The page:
At the same time, the European Union has a separate law, Clinical Trials Regulation (CTR), that governs some aspects of how clinical trial data is analyzed and stored. There is an interplay between GDPR and CTR that will inform many of the questions below.

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What Can Researchers Do With Past Clinical Trial Data?

EU law identifies two distinct uses for clinical trial data: primary use and secondary use.

  • Primary use refers to “processing operations related to a specific CT protocol during its whole lifecycle (from the beginning of the trial until the end of the archiving period),” the team at training company ECA Academy writes.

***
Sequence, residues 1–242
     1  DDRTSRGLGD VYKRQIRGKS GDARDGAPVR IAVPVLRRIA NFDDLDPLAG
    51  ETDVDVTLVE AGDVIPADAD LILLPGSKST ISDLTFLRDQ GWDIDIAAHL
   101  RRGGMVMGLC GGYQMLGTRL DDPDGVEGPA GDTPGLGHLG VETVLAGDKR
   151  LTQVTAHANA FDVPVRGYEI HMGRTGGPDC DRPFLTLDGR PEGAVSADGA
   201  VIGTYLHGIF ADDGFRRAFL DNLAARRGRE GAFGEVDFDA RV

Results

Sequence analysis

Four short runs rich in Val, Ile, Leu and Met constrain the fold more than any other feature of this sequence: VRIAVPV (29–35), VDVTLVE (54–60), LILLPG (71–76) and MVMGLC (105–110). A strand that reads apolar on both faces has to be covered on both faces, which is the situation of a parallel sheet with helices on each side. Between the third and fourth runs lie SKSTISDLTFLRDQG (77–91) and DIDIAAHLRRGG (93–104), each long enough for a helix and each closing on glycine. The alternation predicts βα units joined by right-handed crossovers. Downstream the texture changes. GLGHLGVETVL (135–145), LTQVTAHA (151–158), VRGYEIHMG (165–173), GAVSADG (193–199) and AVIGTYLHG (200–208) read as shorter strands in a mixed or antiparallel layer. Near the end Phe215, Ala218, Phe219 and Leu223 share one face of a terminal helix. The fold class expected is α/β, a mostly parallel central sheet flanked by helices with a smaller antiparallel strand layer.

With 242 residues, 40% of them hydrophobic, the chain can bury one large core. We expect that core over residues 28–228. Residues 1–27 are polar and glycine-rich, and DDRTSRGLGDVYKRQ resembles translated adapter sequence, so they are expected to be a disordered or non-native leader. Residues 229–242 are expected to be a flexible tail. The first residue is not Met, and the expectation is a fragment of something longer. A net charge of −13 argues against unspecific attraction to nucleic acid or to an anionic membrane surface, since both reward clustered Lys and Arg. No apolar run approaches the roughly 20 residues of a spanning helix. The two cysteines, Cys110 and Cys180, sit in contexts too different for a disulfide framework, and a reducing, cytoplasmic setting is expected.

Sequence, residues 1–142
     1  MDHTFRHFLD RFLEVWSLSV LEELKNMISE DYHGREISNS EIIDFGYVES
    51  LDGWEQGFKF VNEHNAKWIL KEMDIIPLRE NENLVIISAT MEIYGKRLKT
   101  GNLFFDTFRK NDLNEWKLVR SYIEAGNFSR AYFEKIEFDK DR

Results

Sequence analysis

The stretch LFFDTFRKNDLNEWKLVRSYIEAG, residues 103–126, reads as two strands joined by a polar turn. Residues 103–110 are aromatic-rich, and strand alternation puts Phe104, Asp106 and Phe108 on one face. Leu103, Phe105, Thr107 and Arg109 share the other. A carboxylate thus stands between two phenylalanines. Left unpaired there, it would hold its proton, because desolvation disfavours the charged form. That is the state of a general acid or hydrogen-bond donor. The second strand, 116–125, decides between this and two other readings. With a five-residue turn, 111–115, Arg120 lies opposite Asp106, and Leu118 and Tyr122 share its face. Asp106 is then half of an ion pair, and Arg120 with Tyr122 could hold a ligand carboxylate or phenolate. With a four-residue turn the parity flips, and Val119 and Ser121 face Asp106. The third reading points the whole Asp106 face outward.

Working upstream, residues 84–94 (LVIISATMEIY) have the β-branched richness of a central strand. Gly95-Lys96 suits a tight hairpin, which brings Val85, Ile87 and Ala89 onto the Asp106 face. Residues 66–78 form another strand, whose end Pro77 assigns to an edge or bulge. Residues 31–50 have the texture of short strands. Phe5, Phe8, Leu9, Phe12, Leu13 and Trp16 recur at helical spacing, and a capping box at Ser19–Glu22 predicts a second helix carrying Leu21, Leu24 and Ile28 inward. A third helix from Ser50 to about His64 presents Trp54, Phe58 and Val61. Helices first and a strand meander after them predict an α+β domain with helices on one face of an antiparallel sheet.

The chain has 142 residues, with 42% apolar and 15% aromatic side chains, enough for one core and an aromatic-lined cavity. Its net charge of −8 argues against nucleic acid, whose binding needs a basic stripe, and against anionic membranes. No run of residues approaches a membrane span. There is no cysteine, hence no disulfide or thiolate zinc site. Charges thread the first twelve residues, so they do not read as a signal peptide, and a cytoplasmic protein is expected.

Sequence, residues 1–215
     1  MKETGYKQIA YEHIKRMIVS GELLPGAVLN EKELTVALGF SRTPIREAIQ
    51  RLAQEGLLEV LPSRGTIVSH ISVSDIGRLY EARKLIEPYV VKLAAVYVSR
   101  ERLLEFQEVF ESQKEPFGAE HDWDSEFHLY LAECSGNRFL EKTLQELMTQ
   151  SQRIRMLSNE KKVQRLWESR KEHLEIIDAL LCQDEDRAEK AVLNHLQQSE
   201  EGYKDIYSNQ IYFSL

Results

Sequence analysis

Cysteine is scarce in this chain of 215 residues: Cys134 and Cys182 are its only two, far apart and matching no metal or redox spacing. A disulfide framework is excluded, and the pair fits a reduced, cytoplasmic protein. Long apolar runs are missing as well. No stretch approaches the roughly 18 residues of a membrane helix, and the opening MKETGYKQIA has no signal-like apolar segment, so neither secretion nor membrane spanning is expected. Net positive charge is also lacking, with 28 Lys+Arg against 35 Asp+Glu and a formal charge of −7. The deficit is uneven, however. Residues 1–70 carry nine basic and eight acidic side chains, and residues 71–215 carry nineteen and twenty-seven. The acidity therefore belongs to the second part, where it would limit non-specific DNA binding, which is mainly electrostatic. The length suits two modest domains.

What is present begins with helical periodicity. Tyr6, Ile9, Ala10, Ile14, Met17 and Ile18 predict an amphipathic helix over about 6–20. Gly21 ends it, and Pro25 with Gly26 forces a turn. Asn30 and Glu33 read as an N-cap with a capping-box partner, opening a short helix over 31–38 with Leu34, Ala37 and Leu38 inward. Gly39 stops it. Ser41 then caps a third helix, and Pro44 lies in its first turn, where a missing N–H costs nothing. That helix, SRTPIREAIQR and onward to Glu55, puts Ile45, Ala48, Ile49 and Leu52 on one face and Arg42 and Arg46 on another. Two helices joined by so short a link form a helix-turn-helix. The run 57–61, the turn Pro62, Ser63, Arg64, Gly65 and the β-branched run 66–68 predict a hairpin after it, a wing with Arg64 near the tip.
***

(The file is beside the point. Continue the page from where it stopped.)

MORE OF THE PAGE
• Secondary use describes instances in which data from an older trial is used again for new research purposes.

This is where consent and re-consent come into play, and the European Commission Directorate-General for Health and Food Safety has helpful guidance on the matter.

If a researcher intends to use a participant’s personal data “for further research outside the protocol of the [clinical trial],” and that participant is subject to GDPR jurisdiction, then the sponsor or the investigator must inform that person of this use of their data, the ECA Academy team writes.

If the initial consent given by the participant fulfills the requirements of GDPR, then re-consent may not be required. The law appears to put the onus on the data controller to make this decision. If re-consent is necessary, GDPR compels the researchers to take the following into account: